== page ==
Currently, Canadians are holding $103 billion dollars in regular savings and chequing accounts. Frankly this surprises me considering that most bank accounts are paying a meager 0.25%. Back in 1981, these same savings and chequing accounts were paying 13% to 14%, but those hey days are gone.
Here’s the problem: A $1,000 balance in savings accounts will compound to $1,012.56 after 5 years. That’s barely enough interest to pay for lunch for 2 at McDonald’s. A $1,000 balance will compound to $1,025.28 after 10 years. If you adjust for inflation, your original $1,000 is now the equivalent of $883.45.
We need to take a look at ways to enhance your returns.
“Just in case money”
It’s no secret that most people who keep balances in their bank accounts keep money there ‘just in case’ something should come up. Just in case money is important. According to many financial books everyone should have emergency money. The amount of emergency money is debatable but it can range anywhere from 1 to 6 months salary.
So what are the alternatives?
- Money Market accounts. Money market funds are mutual funds that invest in government treasury bills and short term notes. Often, banks will take that $103 billion in chequing/savings accounts and invest in these same T-bills to make money on the spread. Investing in Money Market funds enables you to earn the spread instead of the banks. Currently money market accounts are yielding in the range of 3% to 5%.
There are also money market accounts in the market place that offer chequing privileges making them more like bank accounts. Two examples are the Trimark Interest account and the Mackenzie Industrial Cash account.
Money market accounts may not be as convenient as bank accounts but the higher interest is probably worth the slight lack of convenience.
- High Interest Bank Accounts. Non-mainstream banks like ING, Manulife Bank, and President’s Choice Bank are examples of financial institutions offering much more than your typical bank account. All of these institutions are currently offering at least 5% on their bank accounts. These institutions are able to offer higher interest rates because they do not have branches or tellers making them more cost efficient.
At 5%, you will earn more interest in one year than if you compounded 0.25% for 20 years. That’s significant!
- Invest and get a line of credit. People who keep balances in their bank accounts have money that is unproductive, not only because of the low interest earned but also because of the inefficient taxation of interest income.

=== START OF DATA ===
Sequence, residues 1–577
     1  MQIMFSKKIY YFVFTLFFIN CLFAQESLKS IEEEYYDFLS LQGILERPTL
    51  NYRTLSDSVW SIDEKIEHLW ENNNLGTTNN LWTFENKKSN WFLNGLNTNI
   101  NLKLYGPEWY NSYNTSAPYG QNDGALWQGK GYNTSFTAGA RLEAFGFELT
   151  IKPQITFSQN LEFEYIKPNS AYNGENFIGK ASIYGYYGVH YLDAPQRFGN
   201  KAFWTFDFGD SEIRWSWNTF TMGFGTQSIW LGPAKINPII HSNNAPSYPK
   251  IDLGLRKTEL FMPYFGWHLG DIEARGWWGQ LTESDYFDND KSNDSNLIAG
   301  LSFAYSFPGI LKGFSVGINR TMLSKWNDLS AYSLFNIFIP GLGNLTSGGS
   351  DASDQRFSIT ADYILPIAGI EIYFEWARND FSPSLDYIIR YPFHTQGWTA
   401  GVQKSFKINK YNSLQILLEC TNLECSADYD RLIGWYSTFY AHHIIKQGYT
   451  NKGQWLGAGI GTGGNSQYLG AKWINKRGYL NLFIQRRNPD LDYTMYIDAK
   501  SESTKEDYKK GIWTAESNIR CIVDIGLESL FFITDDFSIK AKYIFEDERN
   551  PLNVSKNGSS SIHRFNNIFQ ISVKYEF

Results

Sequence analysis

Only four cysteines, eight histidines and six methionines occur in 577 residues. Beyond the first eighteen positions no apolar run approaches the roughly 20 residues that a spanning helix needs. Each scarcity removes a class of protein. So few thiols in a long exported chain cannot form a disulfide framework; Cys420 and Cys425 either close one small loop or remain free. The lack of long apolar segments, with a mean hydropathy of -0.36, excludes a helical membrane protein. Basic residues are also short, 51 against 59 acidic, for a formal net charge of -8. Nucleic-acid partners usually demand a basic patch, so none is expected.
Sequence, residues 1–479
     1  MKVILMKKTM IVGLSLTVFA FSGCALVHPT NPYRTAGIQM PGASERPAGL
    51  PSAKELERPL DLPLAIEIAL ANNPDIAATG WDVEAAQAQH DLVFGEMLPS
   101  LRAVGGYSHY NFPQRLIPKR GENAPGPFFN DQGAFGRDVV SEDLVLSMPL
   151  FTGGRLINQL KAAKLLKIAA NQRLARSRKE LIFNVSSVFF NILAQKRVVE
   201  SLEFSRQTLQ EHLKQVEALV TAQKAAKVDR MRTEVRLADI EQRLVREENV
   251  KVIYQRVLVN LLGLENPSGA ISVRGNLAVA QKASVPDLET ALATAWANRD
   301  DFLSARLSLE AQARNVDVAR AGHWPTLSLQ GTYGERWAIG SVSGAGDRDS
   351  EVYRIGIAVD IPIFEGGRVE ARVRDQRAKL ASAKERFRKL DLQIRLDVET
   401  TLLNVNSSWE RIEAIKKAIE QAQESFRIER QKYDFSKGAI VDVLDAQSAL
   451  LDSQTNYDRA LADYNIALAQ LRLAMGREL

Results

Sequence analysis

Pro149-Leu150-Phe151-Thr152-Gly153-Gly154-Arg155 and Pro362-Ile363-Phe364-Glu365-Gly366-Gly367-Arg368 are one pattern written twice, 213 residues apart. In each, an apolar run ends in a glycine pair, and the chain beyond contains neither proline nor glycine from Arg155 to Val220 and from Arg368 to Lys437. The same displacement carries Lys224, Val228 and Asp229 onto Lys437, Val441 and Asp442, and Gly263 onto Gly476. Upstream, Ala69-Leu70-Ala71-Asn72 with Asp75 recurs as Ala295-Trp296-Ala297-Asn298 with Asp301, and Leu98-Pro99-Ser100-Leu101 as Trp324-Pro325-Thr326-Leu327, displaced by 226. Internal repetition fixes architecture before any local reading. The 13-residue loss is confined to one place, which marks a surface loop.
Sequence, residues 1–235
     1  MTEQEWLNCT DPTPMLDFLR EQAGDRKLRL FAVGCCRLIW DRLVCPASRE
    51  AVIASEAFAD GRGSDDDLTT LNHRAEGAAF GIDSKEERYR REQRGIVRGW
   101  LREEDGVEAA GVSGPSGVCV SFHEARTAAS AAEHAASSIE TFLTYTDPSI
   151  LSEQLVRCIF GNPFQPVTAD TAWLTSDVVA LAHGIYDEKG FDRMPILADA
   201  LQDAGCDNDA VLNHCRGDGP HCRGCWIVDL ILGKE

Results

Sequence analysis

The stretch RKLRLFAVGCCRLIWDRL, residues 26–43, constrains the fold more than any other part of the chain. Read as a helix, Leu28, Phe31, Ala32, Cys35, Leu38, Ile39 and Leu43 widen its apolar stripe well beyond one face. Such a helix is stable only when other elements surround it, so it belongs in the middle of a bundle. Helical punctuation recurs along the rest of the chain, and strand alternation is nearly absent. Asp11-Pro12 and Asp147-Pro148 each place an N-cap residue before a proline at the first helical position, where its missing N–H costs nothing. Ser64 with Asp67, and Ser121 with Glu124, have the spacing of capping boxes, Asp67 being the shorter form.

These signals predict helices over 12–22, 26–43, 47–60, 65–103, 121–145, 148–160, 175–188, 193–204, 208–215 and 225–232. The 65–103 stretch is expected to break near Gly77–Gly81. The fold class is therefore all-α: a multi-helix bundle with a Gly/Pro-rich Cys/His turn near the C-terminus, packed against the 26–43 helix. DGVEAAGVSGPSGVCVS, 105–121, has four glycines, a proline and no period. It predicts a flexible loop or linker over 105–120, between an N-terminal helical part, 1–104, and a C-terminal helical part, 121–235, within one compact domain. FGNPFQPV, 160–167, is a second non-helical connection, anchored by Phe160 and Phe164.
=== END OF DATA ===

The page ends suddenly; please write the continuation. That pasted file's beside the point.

One of the strategies to deal with this is to keep low balances in your chequing account and invest the money into no-load mutual funds. Investing no-load gives you access to the funds in case of emergencies.
Also, you can utilize lines of credit for access to cash if necessary. If you are not good with managing debt, then a line of credit can be dangerous. Most people, however, who keep significant sums in their bank accounts are typically people who are better at managing their money.
This strategy may add some risk to the financial picture but it also represents a much more effective use of assets.
- Manulife One. I am always careful to endorse products in a public forum like this but Manulife One is the only product of it’s kind in the market place. Manulife Financial has come up with a product that wraps your bank account, mortgage, credit cards and other debts into one account.
In other parts of the world, like Australia, the concept of ‘one’ account is a mainstream concept. However, here in Canada, it has yet to catch on. The message here is you are better off paying down debt than keeping any extra money in your savings/chequing accounts. Manulife has created a product that allows you to do exactly this without necessarily sacrificing on the need for ‘just in case’ money.
Manulife One is not for everyone. If you want more information, please contact Manulife Financial or visit their website www.manulifeone.com.
If you are the type of person who keeps significant sums in your bank account, the first step is to find out how much money you are earning. Chances are, you are losing money because it is not keeping up with the cost of inflation. Talk to your financial advisor or banking representative about alternatives to keeping money in your bank account.